Welcome to SwimSwam’s feature, called simply SwimSwam Discussion. We might rename it at a later point in time (Hospitality Room, anybody?), but for now that’s what we’ll call it. In this series, we’ll take a question about swimming, usually geared toward the more hardcore of our nerds, and pose it to our audience. These questions will be based on real-life conversations SwimSwam staff has had with real-life swim fans, usually coaches, and we will invite our audience to discuss the subject in the comments section.
Please note: these discussions will be held to a higher standard of civility because of their constructive nature. If you’re not typically a constructive commenter, plan to be moderated.
Let’s talk about recruiting. But not seniors. Juniors.
Down the road, in 2028 or 2032, when you and your coaching buddies are sitting around a bar at the Olympic Trials (probably still in Omaha) and talking about ‘when did it become a thing to commit as a junior,’ you’ll remember that you read this article, and that the answer is 2017.
There have always been a few outliers. We knew where Katie Ledecky and Missy Franklin were going to college by the time they finished their junior years of high school. Swimmers of that caliber were never going to have time around international competition schedules to take the 5 allotted official visits.
Last year, that started to grow – but it was mostly attributed to “wanting to make the decision early and focus on the Olympic Trials.”
This year, though, it’s a whole different ball-game. Committing as a junior has become the en vogue thing to do.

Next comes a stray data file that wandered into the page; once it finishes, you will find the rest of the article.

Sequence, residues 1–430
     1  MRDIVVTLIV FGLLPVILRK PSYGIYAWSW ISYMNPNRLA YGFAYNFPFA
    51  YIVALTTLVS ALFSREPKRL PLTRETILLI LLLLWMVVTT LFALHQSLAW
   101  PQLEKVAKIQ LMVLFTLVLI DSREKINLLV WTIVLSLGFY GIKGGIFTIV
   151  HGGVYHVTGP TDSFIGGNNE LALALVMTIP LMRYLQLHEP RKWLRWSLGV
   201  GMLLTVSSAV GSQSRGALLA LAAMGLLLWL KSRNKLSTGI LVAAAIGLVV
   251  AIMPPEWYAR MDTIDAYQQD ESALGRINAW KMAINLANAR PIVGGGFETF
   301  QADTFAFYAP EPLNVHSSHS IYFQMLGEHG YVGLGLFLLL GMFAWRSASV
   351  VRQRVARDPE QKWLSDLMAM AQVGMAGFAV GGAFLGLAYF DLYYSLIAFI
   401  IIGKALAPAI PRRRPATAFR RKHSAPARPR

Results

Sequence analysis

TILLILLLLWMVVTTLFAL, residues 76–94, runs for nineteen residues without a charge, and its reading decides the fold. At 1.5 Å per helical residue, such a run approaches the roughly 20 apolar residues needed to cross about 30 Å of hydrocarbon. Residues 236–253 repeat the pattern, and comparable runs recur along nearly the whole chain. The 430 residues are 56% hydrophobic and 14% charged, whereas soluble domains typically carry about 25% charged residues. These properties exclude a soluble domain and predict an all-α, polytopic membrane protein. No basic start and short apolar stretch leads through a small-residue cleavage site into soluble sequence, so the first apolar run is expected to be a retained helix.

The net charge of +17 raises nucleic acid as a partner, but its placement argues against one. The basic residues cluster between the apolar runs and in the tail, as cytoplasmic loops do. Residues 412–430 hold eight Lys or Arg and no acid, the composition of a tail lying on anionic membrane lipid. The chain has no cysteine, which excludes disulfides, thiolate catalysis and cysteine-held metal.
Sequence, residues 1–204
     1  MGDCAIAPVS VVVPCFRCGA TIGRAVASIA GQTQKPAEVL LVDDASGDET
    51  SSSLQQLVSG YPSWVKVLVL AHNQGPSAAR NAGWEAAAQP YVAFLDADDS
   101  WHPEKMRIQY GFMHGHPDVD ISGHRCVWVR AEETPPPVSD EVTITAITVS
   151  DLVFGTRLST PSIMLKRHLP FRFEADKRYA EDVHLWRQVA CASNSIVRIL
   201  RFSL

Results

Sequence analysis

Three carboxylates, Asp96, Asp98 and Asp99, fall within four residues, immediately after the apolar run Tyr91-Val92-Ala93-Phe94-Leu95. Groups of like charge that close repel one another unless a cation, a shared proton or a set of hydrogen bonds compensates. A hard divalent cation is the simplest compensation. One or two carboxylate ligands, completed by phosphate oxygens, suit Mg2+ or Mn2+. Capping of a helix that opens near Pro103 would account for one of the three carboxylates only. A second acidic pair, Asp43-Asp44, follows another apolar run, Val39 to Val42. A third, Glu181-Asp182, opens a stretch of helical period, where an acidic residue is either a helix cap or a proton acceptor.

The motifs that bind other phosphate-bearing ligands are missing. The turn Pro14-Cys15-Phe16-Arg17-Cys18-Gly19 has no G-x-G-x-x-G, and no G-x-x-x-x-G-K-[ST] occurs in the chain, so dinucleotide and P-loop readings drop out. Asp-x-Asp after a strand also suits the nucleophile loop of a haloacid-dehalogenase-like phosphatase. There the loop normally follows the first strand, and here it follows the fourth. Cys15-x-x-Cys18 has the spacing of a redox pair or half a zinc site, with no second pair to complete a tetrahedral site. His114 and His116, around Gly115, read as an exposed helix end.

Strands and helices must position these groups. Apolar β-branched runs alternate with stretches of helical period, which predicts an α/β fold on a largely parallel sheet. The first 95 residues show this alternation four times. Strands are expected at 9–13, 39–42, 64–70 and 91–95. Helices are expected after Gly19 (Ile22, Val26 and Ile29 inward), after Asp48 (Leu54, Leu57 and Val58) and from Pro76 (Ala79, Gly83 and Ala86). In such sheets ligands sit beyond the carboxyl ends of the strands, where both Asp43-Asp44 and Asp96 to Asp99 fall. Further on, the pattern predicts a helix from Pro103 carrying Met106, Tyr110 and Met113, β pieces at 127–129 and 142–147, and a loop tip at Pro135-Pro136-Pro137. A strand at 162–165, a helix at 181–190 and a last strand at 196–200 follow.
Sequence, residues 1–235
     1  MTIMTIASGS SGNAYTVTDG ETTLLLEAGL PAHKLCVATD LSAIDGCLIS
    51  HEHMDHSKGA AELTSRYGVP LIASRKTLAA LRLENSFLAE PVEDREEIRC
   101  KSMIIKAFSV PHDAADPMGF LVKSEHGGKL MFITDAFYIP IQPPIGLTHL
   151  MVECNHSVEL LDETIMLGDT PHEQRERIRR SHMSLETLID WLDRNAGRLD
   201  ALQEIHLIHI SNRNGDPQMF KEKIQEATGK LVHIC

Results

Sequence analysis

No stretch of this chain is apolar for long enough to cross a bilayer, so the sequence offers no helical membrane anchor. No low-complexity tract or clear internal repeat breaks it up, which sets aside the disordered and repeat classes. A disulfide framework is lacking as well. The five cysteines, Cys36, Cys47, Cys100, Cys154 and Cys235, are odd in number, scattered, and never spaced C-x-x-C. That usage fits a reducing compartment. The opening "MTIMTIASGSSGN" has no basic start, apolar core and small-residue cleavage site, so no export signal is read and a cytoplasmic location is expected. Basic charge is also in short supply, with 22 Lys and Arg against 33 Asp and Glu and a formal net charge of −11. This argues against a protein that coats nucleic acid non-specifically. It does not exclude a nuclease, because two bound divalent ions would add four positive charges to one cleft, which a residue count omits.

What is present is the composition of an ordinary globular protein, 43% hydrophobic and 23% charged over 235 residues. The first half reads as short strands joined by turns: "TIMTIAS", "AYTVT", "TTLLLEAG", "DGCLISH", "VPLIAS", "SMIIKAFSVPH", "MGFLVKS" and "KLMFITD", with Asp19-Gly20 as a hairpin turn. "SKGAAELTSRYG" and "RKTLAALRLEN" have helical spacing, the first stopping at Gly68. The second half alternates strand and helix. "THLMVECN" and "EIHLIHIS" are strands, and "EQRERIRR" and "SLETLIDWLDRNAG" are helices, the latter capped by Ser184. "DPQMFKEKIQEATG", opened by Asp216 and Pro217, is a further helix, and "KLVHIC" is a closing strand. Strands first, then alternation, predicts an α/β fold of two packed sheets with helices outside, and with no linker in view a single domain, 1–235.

Open contact doesn’t start until July 1st, 7 weeks from now, and we’ve already received 25 commitments from the high school class of 2018. And the pace is increasing, not decreasing.
That means these 25 swimmers aged 16 and 17 have made their college decisions without official visits – though in swimming, with so much intermingling between pro, high school, and college swimmers on deck, that’s not as terrifying as it might sound otherwise.
And the first question I found myself asking was: Why did it take swimming so long?
Almost every other collegiate sport has moved to an underclassmen recruiting cycle. In football, high school juniors often have committed twice already (once, and then again when they changed their minds). In volleyball, more of the top 100 players commit as freshmen than as seniors.
In swimming, it’s especially bizarre, because there’s much less subjectivity about the whole process. There’s some – about team chemistry, and growth potential, and how much hand-size matters – but not the same as sports like football or basketball, where athletes are now committing in 8th grade. How many stars did Katie Ledecky get? All of them?
When Missy Franklin was going 1:51.07 as an 8th grader, it almost didn’t matter if she got any faster. She was already as fast as a college All-American. There was no controlling for level of competition she was racing against – 25 yards is 25 yards, and time counts the same for everyone (general relativity aside). Reece Whitley’s 53.0 in the 100 breaststroke at the same age would get him a spot on any program in the country even if his progression stalled.
The point is: the risk of offering an underclassmen in swimming seems like much less than there is in other sports.
So why is there a sudden shift? It’s likely as simple as a tipping point. Coaches across the country give swimmers deadlines to commit, or else offers are pulled from the table. Swimmers, parents, and coaches alike have reached out to us in the last week about this trend – and everyone seems terrified about the number of juniors committing. It’s that fear that drives the trend. Coaches get nervous about missing out on athletes. Athletes get nervous about losing out on scholarships. One over the other, they race to find each other earlier and earlier.